To highlight the National Day of Truth and Reconciliation, it is only appropriate to discuss a landmark case of the Supreme Court relating to Aboriginal law. The importance of R. v. Sparrow (1990) cannot be overstated; it is said to be the first case of the Supreme Court to truly explore the boundaries of the purview of section 35(1) of the repatriated constitution of 1982. In particular, section 35 of the Constitution Act, 1982 officially enshrined Aboriginal and treaty rights in Canadian law, and section 35(1) is concerned with “The existing aboriginal and treaty rights of the aboriginal people in Canada are hereby recognized and affirmed.” For clarity’s sake, “R” stands for Regina or Rex, depending on the gender of the ruling monarch at the time of the case and is thus meant to symbolize the monarchy’s representational role in matters of the Crown such as the Supreme Court. Sparrow refers to the complainant, Ronald Edward Sparrow.
Before further dissecting the legal ramifications of R. v. Sparrow, it is necessary to state the salient facts. In 1984, Ronald Sparrow, a Musqueam band member, was arrested for using a 45 fathoms (82 m) long drift net while fishing, a length that exceeded by 20 fathoms (37m) the length limit clearly indicated on the band’s fishing license under the Fisheries Act.
The crux of the point of contention between Sparrow and the Crown lay in the legality of imposing a length restriction on fishing nets. More specifically, there were concerns raised by Sparrow on the matter that the length restriction could infringe the provisions of s. 35(1). To determine whether or not an infringement of an aboriginal right was justified, an infringement test of sorts was designed by the Supreme Court. The steps outlined in this test are as follows:
- Does the law in question conflict with an existing Aboriginal law? In this question, the term “existing” simply refers to those rights that had not been “extinguished” before the Constitution Act, 1982 came into effect. In turn, the word “extinguished” is defined as the “clear and plain intention” to remove rights. With this question, the court’s aim is to find whether or not “the purpose or effect” of the law being called into question “unnecessarily infringes” the right of the Aboriginal person as defined in section 35. If it does infringe the right, the infringement is of the prima facie sort, which is a Latin phrase that means that the infringement exists as a fact or is justifiable until it is disproven. The burden of justification will then thus fall upon the Crown.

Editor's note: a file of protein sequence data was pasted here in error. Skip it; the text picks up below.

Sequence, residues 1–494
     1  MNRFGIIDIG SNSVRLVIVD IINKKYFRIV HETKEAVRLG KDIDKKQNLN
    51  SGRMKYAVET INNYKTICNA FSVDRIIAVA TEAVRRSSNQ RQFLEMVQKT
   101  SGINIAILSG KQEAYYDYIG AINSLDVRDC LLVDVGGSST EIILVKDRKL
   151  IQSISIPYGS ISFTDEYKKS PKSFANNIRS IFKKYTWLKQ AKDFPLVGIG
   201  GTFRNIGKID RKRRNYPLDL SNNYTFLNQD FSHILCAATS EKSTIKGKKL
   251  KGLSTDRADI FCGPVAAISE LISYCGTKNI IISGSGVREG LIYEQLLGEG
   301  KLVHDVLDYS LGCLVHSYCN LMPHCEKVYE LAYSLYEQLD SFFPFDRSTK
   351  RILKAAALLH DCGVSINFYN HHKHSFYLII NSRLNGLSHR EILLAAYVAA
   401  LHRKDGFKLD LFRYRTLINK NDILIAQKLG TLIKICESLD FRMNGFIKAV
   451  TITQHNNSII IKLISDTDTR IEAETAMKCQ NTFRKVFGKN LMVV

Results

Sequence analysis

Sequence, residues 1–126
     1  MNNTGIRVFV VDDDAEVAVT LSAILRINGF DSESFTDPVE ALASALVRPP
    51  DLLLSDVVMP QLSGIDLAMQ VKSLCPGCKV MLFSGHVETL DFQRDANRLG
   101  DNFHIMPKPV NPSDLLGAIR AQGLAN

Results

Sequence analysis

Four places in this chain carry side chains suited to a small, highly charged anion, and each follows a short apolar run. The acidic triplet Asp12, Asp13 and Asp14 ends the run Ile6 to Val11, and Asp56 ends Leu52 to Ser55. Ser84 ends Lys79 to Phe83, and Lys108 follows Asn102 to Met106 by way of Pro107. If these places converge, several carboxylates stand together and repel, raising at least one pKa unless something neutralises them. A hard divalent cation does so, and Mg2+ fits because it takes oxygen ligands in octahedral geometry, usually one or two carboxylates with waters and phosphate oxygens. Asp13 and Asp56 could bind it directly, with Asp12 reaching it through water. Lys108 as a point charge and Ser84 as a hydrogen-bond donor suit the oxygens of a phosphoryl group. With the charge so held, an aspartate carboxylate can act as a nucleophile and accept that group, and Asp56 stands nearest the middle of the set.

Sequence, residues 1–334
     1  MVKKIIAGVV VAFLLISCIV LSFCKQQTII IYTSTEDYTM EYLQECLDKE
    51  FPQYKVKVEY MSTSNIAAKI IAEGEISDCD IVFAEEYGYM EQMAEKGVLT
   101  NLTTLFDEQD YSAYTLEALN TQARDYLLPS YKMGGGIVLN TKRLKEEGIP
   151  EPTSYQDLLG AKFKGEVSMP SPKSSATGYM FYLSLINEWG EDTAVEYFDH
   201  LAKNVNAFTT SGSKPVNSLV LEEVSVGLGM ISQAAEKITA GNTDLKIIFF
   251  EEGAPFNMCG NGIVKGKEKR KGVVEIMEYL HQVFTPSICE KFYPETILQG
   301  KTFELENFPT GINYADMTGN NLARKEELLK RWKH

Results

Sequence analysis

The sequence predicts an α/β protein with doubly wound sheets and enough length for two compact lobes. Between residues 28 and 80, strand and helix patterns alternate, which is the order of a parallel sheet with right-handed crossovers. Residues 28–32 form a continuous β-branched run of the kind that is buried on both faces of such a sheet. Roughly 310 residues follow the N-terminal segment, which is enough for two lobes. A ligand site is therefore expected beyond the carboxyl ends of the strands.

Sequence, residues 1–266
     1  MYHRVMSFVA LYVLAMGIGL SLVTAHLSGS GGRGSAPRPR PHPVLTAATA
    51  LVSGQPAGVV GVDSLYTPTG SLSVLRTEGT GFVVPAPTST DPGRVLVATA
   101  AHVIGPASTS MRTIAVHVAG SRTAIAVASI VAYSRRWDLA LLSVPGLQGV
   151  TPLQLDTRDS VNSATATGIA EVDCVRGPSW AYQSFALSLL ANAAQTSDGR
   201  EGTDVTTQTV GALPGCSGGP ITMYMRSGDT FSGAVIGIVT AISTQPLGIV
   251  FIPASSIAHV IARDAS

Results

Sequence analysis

- The Crown must use these justifications:
- The validity of the goal of the law needs to be shown. The purpose of the law needs to be “compelling and substantial.” The grounds of justification include: “conservation, and natural resource management”, and the protection of the population as they are all valid goals. It is worth noting that using “public interest” as a justification is too far-reaching to be considered a valid goal.
- The Crown has a fiduciary responsibility towards Aboriginal peoples. It is worth questioning if the infringement justifies the fiduciary duty. In particular, it may be necessary to consider if Indigenous groups were consulted, if the law only affects the protected right in a greatly limited way, or whether due compensation was given when there were expropriations involved.
If the infringement is justified, the law retains its validity. Otherwise, it is rendered null and void, and is thus inapplicable to the impacted Indigenous group.
As such, the importance of R. v. Sparrow lies in the fact that the Aboriginal rights that existed at the time of the adoption of the Constitution Act, 1982 have to be justified on the basis of the government’s fiduciary role in relation to Aboriginal peoples, if they are to be infringed upon. In this National Day of Truth and Reconciliation, it is necessary to re-affirm that such a precedent-setting case should not go unnoticed in the history of Aboriginal and treaty rights.
By: Charles Mckaig